The Latest: Supreme Court blocks execution of Texas inmate

HUNTSVILLE, Texas (AP) — The Latest on the reprieve for a member of ‘Texas 7’ gang of escaped prisoners (all times local):

8:30 p.m.

A member of the notorious “Texas 7” gang of escaped prisoners has won a reprieve from execution for the fatal shooting of a suburban Dallas police officer during a Christmas Eve robbery more than 18 years ago.

The U.S. Supreme Court blocked the lethal injection of Patrick Murphy after attorneys for the prisoner argued a Buddhist priest was not allowed to be with Murphy in the death chamber as he was being put to death.

Justice Brett Kavanaugh, in an opinion Thursday night, said inmates of other religious denominations who want their religious adviser to be present can have the adviser present only in the viewing room and not in the execution room itself for their executions.

Kavanaugh said that, in his view, the Constitution prohibits such denominational discrimination.

Murphy was convicted in the December 2000 death of Irving police Officer Aubrey Hawkins.

The 57-year-old Murphy was part of a group of inmates who escaped from a South Texas prison in December 2000 and committed numerous robberies before being captured, including the one during which they killed Hawkins.


2:30 p.m.

Attorneys for a Texas death row inmate have asked the U.S. Supreme Court to stay his lethal injection until a Buddhist minister can be present with him in the execution chamber.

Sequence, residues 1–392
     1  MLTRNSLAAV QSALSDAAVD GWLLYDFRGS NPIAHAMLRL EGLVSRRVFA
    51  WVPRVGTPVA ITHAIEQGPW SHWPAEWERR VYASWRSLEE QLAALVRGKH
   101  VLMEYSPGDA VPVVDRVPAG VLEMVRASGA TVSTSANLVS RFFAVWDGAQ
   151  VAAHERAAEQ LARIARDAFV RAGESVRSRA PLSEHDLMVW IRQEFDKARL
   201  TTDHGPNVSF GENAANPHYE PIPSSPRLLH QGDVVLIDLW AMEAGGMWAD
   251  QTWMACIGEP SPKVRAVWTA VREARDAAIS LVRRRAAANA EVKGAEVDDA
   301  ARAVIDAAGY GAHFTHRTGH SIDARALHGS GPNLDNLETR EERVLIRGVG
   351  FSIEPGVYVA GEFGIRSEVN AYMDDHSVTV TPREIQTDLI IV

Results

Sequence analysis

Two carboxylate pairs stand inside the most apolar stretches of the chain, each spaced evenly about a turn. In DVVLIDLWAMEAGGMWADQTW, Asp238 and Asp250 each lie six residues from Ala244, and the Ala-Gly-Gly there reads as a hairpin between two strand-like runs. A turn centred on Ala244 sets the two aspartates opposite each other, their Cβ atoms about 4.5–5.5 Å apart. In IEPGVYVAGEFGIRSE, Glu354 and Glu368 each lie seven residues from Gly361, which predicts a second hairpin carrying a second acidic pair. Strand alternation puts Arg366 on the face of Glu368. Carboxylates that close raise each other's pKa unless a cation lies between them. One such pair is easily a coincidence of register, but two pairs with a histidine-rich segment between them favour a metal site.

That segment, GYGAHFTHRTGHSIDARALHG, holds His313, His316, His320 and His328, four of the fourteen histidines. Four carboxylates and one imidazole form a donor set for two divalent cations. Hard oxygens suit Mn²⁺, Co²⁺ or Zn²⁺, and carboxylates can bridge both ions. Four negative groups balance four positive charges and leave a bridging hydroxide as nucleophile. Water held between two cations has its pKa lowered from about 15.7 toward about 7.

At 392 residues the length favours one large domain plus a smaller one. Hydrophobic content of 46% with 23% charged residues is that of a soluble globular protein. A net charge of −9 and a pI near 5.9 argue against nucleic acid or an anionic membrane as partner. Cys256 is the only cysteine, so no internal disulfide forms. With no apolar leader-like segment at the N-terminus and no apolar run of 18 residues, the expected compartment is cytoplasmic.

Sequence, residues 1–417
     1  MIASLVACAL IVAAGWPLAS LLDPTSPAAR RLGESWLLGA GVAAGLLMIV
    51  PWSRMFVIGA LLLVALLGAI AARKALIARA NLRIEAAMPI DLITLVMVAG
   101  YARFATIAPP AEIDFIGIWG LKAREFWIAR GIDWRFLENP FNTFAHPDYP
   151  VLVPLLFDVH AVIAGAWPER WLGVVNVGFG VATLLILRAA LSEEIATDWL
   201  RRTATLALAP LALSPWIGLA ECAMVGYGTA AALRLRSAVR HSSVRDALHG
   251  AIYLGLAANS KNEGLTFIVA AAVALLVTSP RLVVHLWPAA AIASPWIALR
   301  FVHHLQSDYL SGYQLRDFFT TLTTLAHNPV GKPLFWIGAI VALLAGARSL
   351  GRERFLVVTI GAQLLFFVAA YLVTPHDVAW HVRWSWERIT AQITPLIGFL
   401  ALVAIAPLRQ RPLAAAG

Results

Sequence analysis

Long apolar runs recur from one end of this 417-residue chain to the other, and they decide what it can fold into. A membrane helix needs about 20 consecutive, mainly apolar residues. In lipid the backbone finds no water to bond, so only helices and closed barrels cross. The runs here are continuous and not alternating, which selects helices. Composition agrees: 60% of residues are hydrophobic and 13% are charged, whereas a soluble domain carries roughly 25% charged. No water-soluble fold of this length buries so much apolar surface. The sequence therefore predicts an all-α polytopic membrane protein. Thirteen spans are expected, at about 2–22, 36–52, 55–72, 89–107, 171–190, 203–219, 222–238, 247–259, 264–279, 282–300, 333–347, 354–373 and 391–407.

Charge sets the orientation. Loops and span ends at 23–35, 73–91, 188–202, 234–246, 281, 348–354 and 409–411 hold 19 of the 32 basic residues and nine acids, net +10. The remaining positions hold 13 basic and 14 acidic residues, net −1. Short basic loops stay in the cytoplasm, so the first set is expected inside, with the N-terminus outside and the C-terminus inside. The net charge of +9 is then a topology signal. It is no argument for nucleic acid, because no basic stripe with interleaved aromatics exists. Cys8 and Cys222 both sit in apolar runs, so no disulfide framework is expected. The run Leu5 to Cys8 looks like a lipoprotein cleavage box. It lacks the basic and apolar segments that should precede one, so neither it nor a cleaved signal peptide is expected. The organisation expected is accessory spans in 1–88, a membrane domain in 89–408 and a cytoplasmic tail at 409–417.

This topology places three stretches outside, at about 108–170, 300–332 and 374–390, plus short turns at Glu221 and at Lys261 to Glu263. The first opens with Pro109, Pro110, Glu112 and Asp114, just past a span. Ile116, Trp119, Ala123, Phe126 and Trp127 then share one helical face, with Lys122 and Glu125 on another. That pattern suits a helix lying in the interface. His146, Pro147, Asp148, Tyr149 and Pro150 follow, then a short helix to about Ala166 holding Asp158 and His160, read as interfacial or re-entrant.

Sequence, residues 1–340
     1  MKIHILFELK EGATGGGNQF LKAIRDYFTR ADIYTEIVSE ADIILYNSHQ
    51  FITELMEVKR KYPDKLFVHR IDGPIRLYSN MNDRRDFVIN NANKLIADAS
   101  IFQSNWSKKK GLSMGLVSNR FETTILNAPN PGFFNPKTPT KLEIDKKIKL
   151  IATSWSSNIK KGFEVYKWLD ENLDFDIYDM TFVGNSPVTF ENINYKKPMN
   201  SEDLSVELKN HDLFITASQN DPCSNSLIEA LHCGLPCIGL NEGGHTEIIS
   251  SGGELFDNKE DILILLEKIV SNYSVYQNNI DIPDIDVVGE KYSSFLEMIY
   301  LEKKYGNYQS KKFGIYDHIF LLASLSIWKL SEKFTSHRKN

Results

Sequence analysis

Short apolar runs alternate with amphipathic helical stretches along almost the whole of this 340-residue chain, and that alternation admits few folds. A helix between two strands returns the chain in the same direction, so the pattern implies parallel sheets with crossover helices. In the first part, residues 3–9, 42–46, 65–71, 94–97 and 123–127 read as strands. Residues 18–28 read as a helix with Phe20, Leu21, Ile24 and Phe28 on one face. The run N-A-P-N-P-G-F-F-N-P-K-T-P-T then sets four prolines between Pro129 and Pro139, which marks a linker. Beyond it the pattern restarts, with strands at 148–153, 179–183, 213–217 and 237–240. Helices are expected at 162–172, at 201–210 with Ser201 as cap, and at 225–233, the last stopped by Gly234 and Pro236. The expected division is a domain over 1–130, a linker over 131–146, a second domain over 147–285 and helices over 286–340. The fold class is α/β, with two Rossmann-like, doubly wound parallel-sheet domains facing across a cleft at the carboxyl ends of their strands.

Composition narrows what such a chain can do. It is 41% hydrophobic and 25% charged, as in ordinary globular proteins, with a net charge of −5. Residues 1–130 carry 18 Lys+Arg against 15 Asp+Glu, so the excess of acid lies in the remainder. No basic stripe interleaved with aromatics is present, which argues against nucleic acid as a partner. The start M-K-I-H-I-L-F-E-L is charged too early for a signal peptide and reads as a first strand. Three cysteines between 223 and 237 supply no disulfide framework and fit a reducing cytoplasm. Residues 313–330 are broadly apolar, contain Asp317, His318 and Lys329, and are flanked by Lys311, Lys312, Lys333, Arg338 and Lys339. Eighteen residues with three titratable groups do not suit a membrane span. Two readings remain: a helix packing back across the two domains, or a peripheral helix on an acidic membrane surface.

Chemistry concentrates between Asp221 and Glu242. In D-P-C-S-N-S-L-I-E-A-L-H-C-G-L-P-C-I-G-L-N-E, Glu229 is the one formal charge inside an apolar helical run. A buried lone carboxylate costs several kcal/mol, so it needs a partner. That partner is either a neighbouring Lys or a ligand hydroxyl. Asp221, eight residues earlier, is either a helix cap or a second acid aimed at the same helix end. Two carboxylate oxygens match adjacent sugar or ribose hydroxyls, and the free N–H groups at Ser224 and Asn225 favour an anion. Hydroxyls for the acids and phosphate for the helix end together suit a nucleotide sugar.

Patrick Murphy’s lawyers argue that executing the 57-year-old “Texas 7” member without his spiritual adviser present would violate his right to religious freedom. Murphy became a Buddhist almost a decade ago while incarcerated.

A federal appeals court on Wednesday denied a request to stay his execution on the same grounds, upholding a lower court decision.

Murphy is scheduled to be executed Thursday evening at the state penitentiary in Huntsville. He was convicted in the shooting death of a Dallas-area police officer during a Christmas Eve robbery in 2000.


12:00 a.m.

Attorneys for a death row inmate say his pending execution is unconstitutional because he never fatally shot a suburban Dallas police officer during a Christmas Eve robbery more than 18 years ago.

Patrick Murphy’s lawyers say the 57-year-old shouldn’t be executed Thursday night because he wasn’t a major participant in the December 2000 robbery in which Irving police Officer Aubrey Hawkins was killed by the notorious “Texas 7” gang of escaped prisoners.

If Murphy’s appeals fail and he is executed, he’d be the fourth person put to death in the U.S. this year.

Murphy was convicted under Texas’ law of parties, which holds a person criminally responsible for the actions of another if they are engaged in a conspiracy.

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